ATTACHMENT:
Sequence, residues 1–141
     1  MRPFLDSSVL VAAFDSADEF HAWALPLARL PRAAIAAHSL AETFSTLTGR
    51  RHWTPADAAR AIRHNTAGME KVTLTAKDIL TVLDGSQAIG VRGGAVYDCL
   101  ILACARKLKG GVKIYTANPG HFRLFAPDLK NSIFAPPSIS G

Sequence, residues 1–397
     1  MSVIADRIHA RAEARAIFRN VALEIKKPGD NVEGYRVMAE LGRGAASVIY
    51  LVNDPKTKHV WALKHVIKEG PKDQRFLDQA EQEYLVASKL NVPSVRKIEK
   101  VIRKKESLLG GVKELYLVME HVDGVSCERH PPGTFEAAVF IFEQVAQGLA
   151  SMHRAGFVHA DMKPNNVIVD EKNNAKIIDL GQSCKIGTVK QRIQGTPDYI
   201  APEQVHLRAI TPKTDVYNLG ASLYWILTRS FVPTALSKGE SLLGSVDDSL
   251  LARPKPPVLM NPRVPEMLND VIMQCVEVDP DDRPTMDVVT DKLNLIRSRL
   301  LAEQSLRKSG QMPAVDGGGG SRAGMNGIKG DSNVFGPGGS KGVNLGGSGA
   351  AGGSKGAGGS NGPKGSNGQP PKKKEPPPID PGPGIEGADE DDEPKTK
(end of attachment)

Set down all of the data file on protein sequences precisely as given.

Sequence, residues 1–141
     1  MRPFLDSSVL VAAFDSADEF HAWALPLARL PRAAIAAHSL AETFSTLTGR
    51  RHWTPADAAR AIRHNTAGME KVTLTAKDIL TVLDGSQAIG VRGGAVYDCL
   101  ILACARKLKG GVKIYTANPG HFRLFAPDLK NSIFAPPSIS G

Sequence, residues 1–397
     1  MSVIADRIHA RAEARAIFRN VALEIKKPGD NVEGYRVMAE LGRGAASVIY
    51  LVNDPKTKHV WALKHVIKEG PKDQRFLDQA EQEYLVASKL NVPSVRKIEK
   101  VIRKKESLLG GVKELYLVME HVDGVSCERH PPGTFEAAVF IFEQVAQGLA
   151  SMHRAGFVHA DMKPNNVIVD EKNNAKIIDL GQSCKIGTVK QRIQGTPDYI
   201  APEQVHLRAI TPKTDVYNLG ASLYWILTRS FVPTALSKGE SLLGSVDDSL
   251  LARPKPPVLM NPRVPEMLND VIMQCVEVDP DDRPTMDVVT DKLNLIRSRL
   301  LAEQSLRKSG QMPAVDGGGG SRAGMNGIKG DSNVFGPGGS KGVNLGGSGA
   351  AGGSKGAGGS NGPKGSNGQP PKKKEPPPID PGPGIEGADE DDEPKTK